Old Game – New Tricks
Cons have been used throughout human history. The word is an abbreviation of the word confidence. As in gaining someone’s confidence.
Many credit William Thompson, an 1800s New Yorker, with originating the term.
Watch Your Watch
Thompson would approach a stranger on the pretext that they had met before. After a lively chat, Thompson would say, “Have you the confidence to trust me with your watch until tomorrow?”
Thompson reported that most of the people he approached did trust him with their watch. As a result, his “confidence game” spread.
Today, we call such grifting a con. Those who use it employ modern devices, such as the telephone and computer. However, one element remains unchanged. Modern crooks, just like Thompson, rely on our trust to succeed – our trust in reliable brands.
McAfee Email Scam
With this scam, you get an email confirming a large purchase you made. “Whoah!” you say. You did not make that purchase. You probably can not afford to make such a purchase.
Ah, but you are in luck. The confirmation email includes a link or phone number you can use to cancel this order.
If you call the phone number, you will talk to a kind and understanding customer service representative. They will assure you they can fix the problem and make sure the transaction does not hit your bank account. All they need is a little information. That is when they have you.
Taking Your Identity
The information the scammer collects “to help resolve” the issue will lead to the theft of your identity and the draining of your bank account.
Clicking the link is not much better. It can lead to the bad guys installing malware on your computer to ruin your life.
Another McAfee scam popped up last month. In this one, the email purported to be from McAfee Support. It urged recipients to “update” their accounts because their device was at risk. The “helpful” link in that email takes victims to a page used to extract personal information for fraud.
Snoops.com, which first reported the update scam, says even the unsubscribe button in this scam is weaponized. By clicking it, you go to a page that asks for personal information.
Google Voice Scam
This is another scam that employs a trusted brand to rob you.
Since you are reading this, you probably have an interest in financial wellbeing. You like to shop intelligently and manage your money effectively. You may even have a side hustle that involves selling something. Or maybe you purge unwanted things from time to time by selling online.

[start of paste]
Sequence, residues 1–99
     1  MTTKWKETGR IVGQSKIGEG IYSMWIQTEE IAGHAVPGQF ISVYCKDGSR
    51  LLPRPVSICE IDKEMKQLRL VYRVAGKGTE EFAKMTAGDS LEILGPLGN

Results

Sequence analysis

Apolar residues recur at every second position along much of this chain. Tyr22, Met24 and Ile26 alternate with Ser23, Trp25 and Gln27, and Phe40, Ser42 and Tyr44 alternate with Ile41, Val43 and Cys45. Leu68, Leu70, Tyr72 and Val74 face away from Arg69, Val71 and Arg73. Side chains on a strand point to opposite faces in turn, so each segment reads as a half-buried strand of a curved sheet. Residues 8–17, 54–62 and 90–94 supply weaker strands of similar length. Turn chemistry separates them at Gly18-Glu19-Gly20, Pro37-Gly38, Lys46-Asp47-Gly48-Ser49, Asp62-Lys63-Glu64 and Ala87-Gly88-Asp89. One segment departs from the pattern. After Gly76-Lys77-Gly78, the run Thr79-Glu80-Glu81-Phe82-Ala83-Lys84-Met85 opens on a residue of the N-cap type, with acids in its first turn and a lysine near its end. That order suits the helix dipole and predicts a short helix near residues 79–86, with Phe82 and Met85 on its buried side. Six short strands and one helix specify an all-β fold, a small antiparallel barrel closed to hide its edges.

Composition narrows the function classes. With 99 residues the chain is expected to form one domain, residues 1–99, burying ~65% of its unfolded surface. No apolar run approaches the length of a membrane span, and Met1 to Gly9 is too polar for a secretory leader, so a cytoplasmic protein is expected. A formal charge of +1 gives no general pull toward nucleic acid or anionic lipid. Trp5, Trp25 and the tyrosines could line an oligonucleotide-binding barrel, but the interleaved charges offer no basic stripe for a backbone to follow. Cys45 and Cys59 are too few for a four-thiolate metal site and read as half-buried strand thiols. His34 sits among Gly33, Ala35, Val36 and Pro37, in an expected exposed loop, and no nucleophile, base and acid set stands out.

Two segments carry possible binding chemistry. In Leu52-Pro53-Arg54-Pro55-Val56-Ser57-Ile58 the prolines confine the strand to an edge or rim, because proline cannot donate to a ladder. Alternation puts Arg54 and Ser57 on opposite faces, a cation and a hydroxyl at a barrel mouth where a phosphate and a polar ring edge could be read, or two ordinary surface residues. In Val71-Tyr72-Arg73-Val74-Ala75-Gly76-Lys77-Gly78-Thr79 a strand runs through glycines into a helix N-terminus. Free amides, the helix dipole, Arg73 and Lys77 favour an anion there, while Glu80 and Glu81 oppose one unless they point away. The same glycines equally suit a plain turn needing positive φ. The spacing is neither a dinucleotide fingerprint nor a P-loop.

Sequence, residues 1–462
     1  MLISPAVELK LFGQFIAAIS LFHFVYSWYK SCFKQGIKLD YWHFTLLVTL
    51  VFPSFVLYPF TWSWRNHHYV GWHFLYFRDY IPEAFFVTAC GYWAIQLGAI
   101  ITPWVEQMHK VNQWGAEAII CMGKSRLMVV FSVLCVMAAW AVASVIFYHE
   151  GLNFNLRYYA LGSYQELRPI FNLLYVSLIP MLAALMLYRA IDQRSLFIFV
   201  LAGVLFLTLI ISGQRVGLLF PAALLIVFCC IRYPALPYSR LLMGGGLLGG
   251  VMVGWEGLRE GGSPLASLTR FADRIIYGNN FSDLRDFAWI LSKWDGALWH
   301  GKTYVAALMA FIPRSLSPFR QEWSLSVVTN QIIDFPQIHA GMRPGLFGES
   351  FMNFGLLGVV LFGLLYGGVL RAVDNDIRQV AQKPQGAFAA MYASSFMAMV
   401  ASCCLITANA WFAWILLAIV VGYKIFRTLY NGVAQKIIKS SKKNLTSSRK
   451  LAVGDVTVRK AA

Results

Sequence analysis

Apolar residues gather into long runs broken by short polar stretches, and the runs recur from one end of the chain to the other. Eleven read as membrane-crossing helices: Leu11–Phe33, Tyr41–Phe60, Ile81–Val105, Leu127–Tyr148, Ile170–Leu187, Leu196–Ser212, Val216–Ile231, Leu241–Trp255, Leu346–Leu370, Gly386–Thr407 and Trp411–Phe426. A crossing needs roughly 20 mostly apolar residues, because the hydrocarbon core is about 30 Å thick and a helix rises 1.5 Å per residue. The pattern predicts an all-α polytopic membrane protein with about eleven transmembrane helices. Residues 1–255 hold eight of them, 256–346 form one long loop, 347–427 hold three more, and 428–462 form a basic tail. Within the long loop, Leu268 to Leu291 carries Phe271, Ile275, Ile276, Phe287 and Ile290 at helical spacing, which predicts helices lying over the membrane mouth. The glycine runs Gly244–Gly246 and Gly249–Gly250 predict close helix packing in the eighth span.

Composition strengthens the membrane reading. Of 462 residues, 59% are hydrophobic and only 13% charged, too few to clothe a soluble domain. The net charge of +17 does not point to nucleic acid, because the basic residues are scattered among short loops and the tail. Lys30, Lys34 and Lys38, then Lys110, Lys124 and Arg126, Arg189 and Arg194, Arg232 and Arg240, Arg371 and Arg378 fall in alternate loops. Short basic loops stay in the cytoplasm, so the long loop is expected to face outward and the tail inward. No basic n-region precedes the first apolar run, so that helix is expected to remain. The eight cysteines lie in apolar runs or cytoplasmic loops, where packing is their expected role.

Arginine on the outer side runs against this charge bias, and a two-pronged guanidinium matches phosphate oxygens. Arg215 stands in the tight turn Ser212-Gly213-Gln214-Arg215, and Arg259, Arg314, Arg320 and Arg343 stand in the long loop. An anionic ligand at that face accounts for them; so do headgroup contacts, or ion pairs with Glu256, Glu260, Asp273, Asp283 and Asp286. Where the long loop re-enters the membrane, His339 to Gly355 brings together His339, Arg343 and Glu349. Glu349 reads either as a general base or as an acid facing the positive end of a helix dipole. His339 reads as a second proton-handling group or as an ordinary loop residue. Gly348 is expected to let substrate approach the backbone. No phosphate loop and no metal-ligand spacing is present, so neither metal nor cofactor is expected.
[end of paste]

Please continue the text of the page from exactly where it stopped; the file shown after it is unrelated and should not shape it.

Let’s say you have some used jewelry you want to sell on Market Place or a local platform. You post your phone number in your listing. One night the phone rings. It is a potential buyer.
The buyer likes your jewelry and is happy with your price. The only problem is, that the buyer does not know you.
Do Not Speak
“You can never be too careful,” the buyer says. Then, he or she, tells you they use Google Voice to screen sellers they buy from.
Google Voice is a legitimate virtual phone and text service. The scammer tells you Google Voice is about to send you a verification code to confirm your identity. Just read the code back to the buyer.
When you comply with the scammer’s request, you are setting up a Google Voice account in your name. The bad guys can then use your identity to run scams on other people. That way, when law enforcement traces the identity of the scammer – they find you.
The Amazon scam involves a crook posing as an employee of the firm. By far, this is the most frequent trusted brand fraud, according to the Federal Trade Commission (FTC).
About one-third of scammers pose as Amazon employees, says the FTC.
This scam plays on your kindness as well as your trust.
You get an email or call saying there has been suspicious activity on your Amazon account. The bogus Amazon representative asks for access to your phone or computer to correct the problem and issue a refund.
However, when issuing the refund, the “poor” representative “mistakenly” gets the amount wrong and overpays you several hundred dollars.
The panic-stricken representative asks you to quickly refund the difference. They tell you they will be fired if you do not. Begging may ensue.
If you tell the fraudster to wipe away his or her tears – you will make the refund – they will wipe the money from your account.
If you get a suspicious email – check the email address and domain. If the email originates from a domain that is not associated with the company, it is a fake. For instance, a legitimate email would have the address: support@company name.com.
The telephone is a little trickier. Phone numbers can be ghosted. That occurs when a con artist hijacks someone’s number to make calls. The hijacked number, not the crook’s, appears on your caller id. The best policy is not to answer unfamiliar numbers.
If you have been contacted by a scammer, you can report it to the FTC.
If your identity has been compromised you can report that at IdentityTheft.gov.
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Image and article originally from www.savingadvice.com. Read the original article here.